Wednesday 10 October 2018


“And yesterday the bird of night did sit
Even at noon-day upon the marketplace,
Hooting and shrieking.  When these prodigies
Do so conjointly meet, let not men say,
“These are their reasons.  They are natural.”
For I believe they are portentous things
Unto the climate that they point upon.”
(Julius Caesar, Shakespeare.)

I’m not one prone to superstition, I’m not.  I defiantly walk under ladders, step on cracks in the pavement and chatter whilst walking under a *monkey puzzle.  If I break a mirror and cut myself clearing the fragments, that is carelessness.  I do not fear the next seven years. 

But this is different.  He (owl) has stood sentry outside my window for nigh on two days now, staring at me, unblinking.  He appears to need neither nourishment nor sleep, his only need seeming that of me.

Winter is here and I find myself fading as if day into night.  And he watches.  He watches.  He watches…

Night yawns at sunrise and I welcome this new day –
I  live!   I  live! 
Snow falls gently from the heavens,
casting itself at my window,
blankets the earth in its white finery,
offers me strange comfort.

Still, there is a sense of foreboding, a hollowness,
and owl, he watches, he watches. 
I fear his vigilance and wonder if I shall live to see the thaw…

Oh that he would leave me alone…

Anna :o]  

*During my early childhood I learnt of the superstition of talking whilst walking beneath the branches of a monkey puzzle tree - it was believed that bad luck would occur or we might lose something and in some cases grow a monkey's tail!

Sumana at Poets United has us writing of The Owl and above is my offering.  Cheers for the inspiration Sumana!
Image:  Courtesy of Wikimedia Commons

Author:  Richard Fisher


Sumana Roy said...

Oh, that unblinking stare is disturbing. Lots of story elements are here. Love how that 'sense of foreboding' gradually fills the atmosphere within such a short span of a poem. Fantastic, Anna.

annell4 said...

A delightful write. I think yu will see many more thaws.

Sherry Blue Sky said...

It is said owls are a portent of a death, but not always the one the owl appears to. Perhaps a warning of another impending death it is preparing you for. After my mother died, I was driving towards her home, and a brown owl flew in slow motion across my windshield, staring in at me. I could see every feather. Our eyes met. She had a message for me from my mother in the spirit nation, I do believe.May you have many thaws yet!

Vicki said...

Loved your poem, so many myths with these beautiful creatures.

Gillena Cox said...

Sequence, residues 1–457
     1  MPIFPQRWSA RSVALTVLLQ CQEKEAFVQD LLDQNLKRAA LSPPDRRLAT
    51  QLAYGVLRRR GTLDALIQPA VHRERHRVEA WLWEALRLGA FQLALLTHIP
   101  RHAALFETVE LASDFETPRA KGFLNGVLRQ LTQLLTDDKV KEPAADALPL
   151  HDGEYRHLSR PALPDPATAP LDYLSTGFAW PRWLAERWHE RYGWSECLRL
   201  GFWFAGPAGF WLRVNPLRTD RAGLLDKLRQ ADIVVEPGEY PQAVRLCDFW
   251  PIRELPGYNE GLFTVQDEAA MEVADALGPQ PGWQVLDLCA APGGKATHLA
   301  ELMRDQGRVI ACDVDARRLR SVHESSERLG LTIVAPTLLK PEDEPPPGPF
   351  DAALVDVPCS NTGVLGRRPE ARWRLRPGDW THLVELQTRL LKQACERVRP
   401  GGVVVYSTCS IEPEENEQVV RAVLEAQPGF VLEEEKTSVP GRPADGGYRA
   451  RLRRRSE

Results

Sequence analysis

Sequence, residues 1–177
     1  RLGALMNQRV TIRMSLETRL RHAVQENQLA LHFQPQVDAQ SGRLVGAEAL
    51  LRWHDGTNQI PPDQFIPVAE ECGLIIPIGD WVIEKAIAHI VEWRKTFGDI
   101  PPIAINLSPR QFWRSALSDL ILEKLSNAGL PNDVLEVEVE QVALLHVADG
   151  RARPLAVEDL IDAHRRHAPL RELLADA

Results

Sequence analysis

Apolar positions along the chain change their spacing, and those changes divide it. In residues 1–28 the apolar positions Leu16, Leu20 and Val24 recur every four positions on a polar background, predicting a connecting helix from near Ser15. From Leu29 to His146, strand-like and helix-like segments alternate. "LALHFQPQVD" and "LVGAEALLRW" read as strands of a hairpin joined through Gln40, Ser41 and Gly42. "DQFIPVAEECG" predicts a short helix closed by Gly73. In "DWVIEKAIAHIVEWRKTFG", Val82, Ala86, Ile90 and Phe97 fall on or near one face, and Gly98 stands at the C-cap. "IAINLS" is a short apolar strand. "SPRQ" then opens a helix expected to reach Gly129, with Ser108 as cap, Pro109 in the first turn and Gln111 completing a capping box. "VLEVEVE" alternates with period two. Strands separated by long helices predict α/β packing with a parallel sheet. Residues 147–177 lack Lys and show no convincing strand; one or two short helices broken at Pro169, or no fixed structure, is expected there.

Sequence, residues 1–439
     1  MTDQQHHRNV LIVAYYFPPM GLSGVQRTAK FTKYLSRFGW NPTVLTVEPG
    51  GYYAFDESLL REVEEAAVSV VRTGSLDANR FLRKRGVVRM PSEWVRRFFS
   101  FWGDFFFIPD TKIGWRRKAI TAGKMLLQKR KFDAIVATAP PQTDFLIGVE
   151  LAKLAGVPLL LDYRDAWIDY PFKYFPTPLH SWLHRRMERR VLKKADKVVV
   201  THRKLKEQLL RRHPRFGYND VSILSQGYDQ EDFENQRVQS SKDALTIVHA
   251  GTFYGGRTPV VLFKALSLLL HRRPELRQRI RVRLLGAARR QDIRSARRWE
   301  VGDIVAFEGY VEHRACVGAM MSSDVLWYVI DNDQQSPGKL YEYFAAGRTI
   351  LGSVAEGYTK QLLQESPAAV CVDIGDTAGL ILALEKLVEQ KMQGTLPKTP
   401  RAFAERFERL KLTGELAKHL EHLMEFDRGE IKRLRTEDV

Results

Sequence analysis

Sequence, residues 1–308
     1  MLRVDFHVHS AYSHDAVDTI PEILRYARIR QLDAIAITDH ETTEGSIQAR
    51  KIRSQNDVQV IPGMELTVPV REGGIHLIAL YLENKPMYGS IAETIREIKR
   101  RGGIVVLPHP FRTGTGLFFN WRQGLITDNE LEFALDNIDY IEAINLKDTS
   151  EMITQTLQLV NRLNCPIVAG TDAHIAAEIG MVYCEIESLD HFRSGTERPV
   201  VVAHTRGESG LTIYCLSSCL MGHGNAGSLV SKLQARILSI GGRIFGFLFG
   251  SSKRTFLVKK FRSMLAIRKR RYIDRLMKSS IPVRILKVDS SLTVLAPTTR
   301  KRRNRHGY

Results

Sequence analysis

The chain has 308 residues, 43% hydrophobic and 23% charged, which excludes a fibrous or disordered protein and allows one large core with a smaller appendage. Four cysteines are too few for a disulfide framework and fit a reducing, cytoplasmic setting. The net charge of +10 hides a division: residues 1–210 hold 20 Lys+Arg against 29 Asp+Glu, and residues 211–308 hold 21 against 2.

Nice mysterious write Anna. Happy Wednesday


indybev said...

This reminded me a friend of mine who was quite ill. A cardinal kept flying against her window, and it disturbed her so. I tried to convince her he was just courting his own image. As it turned out, her illness was terminal. The old myths come to mind. I, too, wish you many more thaws!

Truedessa said...

I have had some good and bad encounters with the mysterious owl. If he shows up in my life, I pay close attention as a message will be forthcoming.

Fireblossom said...

Now I've got that old song "Wildfire" in my head because of the lyric about the owl. I think it's clear he wants something or has a message.

Thotpurge said...

I totally agree..would feel that same sense of foreboding if there was an owl keeping vigil outside my window.. super write!

Kim M. Russell said...

I'm not one for superstition either, although I do have my own little rituals, but I agree it is unnerving to be stared at through your window by an owl!
I love the phrase 'Night yawns at sunrise' and the lines:
'Snow falls gently from the heavens,
casting itself at my window,
blankets the earth in its white finery,
offers me strange comfort'
which set the scene beautifully, Anna. I also like how the atmosphere of the poem changes with the introduction of the owl.

Old Egg said...

Of course birds fly into windows as they see their relections and possible competition for a mate, food or shelter. Even as a kid I defiantly walked under ladders and tested other beliefs and how important that is to achieve a little bit more in you life than others.

Susan said...

How very Edgar Allen Poe of you! I've been thinking of that JC quote too, and you made beautiful poetry of it! "Still, there is a sense of foreboding, a hollowness . . . "

Margaret said...

I used to have crows that sat on branches watching me through my big kitchen window (and a squirrel that would sit on my ledge and look in as well!) They all were waiting for me to fill the songbird feeder! But an owl would unnerve me!